Hill Strategies Research on the Situation of Artists

In this issue of Hill Strategies' Arts Research Monitor: Four reports examining different aspects of the working lives of artists, including a Canadian study on the education of artists, a series of reports from the United Kingdom on the situation of visual artists, a report on Quebec song, and a series of American reports on the earnings of musicians and composers.

Click the link within each summary below to read the full report.

Educating Artists

An analysis of the educational backgrounds of working artists and the labour market activities of arts program graduates in Canada

Hill Strategies Research Inc., June 2015
Author: Kelly Hill
http://www.hillstrategies.com/content/educating-artists
 
Based on the 2013 National Graduates Survey and the 2011 National Household Survey, this report examines the labour force situation of arts graduates and the post-secondary education of artists in Canada.
 
Looking at the 326,300 Canadian workers 25 years of age or older who have graduated from post-secondary visual and performing arts programs, the report finds that they have a range of occupations. Of note, 11% of visual and performing arts graduates worked as artists in 2011, and “another 20% worked in other occupations within the broad category of arts, culture, recreation, or sports”. Important proportions of visual and performing arts graduates worked in sales and service (18%), business, finance, and administration (14%), management (11%), and in education, law, social services, and government (also 11%).
 
The report finds that the 134,500 artists 25 or older have a “diverse array of educational backgrounds”, with 28% having “graduated from a post-secondary visual or performing arts program”. In addition, 6% of artists graduated from an education program, and the same number graduated from communications and journalism. Five percent of artists graduated from business, management, and marketing.
 
The report indicates that there is limited “overlap between working artists and arts graduates”, given the fact that 11% of visual and performing graduates are artists and 28% of artists are arts graduates.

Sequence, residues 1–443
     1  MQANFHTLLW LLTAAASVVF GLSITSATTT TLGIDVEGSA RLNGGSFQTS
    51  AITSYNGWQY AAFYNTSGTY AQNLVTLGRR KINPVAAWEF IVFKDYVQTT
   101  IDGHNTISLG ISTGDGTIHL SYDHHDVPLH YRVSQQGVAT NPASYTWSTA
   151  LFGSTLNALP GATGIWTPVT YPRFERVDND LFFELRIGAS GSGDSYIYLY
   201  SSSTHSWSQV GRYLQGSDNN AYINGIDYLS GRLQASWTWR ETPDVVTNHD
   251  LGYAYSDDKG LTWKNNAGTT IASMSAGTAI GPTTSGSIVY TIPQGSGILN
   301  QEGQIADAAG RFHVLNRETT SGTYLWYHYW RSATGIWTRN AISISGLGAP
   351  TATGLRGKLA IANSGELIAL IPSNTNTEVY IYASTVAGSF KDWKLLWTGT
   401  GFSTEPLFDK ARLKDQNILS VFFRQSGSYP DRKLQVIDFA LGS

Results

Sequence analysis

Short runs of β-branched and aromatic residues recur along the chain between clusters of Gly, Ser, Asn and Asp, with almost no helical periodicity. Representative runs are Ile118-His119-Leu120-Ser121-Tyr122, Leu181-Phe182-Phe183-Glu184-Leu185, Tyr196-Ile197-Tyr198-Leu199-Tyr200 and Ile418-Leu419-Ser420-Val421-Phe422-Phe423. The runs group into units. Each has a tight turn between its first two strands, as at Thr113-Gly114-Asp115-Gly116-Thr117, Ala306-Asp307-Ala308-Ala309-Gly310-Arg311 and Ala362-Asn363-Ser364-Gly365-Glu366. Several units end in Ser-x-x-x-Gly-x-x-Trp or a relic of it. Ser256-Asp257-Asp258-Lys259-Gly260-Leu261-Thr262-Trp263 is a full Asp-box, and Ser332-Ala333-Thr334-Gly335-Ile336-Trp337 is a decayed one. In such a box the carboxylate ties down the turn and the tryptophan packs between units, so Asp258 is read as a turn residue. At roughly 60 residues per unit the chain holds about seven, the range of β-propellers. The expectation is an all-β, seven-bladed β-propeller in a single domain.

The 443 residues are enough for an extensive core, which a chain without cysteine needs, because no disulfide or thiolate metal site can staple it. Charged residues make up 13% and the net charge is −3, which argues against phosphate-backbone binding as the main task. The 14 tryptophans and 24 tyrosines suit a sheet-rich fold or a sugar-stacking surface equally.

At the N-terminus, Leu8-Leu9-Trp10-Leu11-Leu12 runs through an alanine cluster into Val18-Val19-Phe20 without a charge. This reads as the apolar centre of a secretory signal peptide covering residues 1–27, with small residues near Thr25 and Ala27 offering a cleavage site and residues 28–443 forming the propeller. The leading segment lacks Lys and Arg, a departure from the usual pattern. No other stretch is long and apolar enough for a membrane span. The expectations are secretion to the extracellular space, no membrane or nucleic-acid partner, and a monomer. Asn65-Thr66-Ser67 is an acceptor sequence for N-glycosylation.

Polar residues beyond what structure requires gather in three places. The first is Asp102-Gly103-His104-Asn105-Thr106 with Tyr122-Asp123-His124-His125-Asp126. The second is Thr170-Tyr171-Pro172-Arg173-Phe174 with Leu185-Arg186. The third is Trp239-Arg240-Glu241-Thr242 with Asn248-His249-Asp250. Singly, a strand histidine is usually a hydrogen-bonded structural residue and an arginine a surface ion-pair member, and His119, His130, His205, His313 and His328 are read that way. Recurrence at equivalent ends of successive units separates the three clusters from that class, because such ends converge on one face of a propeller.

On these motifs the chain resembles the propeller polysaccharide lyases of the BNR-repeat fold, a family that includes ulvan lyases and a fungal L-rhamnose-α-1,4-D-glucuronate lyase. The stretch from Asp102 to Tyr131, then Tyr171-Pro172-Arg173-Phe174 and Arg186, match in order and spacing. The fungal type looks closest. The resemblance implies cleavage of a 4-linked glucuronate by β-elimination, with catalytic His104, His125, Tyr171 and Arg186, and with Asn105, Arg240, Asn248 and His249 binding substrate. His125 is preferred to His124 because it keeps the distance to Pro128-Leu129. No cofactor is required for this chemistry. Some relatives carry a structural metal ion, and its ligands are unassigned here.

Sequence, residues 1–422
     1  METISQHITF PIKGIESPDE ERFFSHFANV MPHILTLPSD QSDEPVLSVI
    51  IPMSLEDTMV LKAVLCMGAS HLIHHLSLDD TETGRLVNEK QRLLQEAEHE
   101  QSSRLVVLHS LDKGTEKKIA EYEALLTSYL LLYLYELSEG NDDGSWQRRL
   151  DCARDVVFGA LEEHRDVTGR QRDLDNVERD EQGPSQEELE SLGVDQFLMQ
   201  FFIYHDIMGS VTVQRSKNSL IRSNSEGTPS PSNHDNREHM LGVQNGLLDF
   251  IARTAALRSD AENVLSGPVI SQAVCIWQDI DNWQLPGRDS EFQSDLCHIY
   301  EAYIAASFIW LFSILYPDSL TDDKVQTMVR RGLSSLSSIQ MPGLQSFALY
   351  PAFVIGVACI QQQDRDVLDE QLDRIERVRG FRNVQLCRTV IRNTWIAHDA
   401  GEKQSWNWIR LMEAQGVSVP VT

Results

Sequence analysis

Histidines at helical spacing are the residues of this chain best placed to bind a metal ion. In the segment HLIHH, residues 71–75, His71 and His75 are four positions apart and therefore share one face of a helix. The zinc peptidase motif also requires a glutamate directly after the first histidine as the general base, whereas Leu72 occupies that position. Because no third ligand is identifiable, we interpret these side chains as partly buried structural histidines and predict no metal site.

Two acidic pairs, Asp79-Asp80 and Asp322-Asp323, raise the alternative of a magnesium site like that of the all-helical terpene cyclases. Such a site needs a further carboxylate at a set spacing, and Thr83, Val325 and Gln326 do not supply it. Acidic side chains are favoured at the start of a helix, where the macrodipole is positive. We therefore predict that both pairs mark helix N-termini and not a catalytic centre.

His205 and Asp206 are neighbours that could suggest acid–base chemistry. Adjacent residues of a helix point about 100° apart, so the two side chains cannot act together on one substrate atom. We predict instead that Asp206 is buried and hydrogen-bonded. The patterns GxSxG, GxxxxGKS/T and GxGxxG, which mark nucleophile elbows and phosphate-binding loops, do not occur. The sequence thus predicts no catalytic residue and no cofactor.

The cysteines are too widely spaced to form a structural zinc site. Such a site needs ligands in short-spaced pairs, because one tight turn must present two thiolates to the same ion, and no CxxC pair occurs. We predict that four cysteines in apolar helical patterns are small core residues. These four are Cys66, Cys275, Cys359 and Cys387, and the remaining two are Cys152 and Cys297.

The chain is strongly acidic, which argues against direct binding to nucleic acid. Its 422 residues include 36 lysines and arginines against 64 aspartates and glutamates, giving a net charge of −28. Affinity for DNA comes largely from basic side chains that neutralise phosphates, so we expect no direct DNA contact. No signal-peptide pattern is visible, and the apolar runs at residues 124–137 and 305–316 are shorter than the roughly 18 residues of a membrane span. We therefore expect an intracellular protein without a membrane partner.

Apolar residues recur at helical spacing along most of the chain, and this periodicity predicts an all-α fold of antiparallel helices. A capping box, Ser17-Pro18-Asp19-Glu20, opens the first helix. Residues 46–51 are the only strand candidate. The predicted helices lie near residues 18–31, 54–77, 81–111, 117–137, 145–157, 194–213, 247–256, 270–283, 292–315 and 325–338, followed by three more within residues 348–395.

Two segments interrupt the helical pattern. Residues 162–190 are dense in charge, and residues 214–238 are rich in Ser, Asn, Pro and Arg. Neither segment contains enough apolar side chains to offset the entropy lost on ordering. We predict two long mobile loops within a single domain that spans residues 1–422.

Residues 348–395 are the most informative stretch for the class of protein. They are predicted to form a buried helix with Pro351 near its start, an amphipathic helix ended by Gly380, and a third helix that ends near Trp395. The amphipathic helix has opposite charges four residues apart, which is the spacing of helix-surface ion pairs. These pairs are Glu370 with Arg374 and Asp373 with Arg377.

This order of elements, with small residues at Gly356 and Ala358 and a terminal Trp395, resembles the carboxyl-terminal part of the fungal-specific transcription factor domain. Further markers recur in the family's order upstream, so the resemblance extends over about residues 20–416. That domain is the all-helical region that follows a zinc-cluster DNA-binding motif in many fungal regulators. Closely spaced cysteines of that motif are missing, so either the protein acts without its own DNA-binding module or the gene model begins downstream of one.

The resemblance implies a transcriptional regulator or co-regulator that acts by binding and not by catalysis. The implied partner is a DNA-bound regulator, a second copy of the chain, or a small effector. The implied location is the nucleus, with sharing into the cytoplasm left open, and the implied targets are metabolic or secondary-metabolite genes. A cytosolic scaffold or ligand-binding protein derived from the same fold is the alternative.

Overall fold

Another key finding of the report is that there are “signs of underemployment of recent arts and communications graduates” when compared with other graduates:

  • Only 36% of arts and communications graduates have a job that is closely related to their studies, compared with 58% of all graduates.
  • “23% of arts and communications graduates worked at a job with gross annual earnings below $20,000, compared with 10% of all graduates.”
  • “Arts and communications graduates are much more likely than other graduates to be employed in sales and service occupations (22% vs. 13%).” 

Despite their labour market challenges, “72% of recent arts and communications graduates would choose the same program of studies again. This is only slightly less than the percentage of all graduates (76%).”


Paying Artists: Valuing Art, Valuing Artists

DHA Communications, 2013 to 2015
http://www.payingartists.org.uk/research-guidance/
 
Unlike some other countries, including Canada, visual artists in the United Kingdom do not have a standard fee structure for exhibiting in public galleries. The “Paying Artists” campaign, which is attempting to change that, has produced a number of research reports.
 
A 2013 survey of 1,061 artists was conducted and summarized in a report on “Phase 1 Findings”. As with all online surveys where individuals self-select whether to respond, the responses may not provide a statistically representative sample of all U.K. visual artists.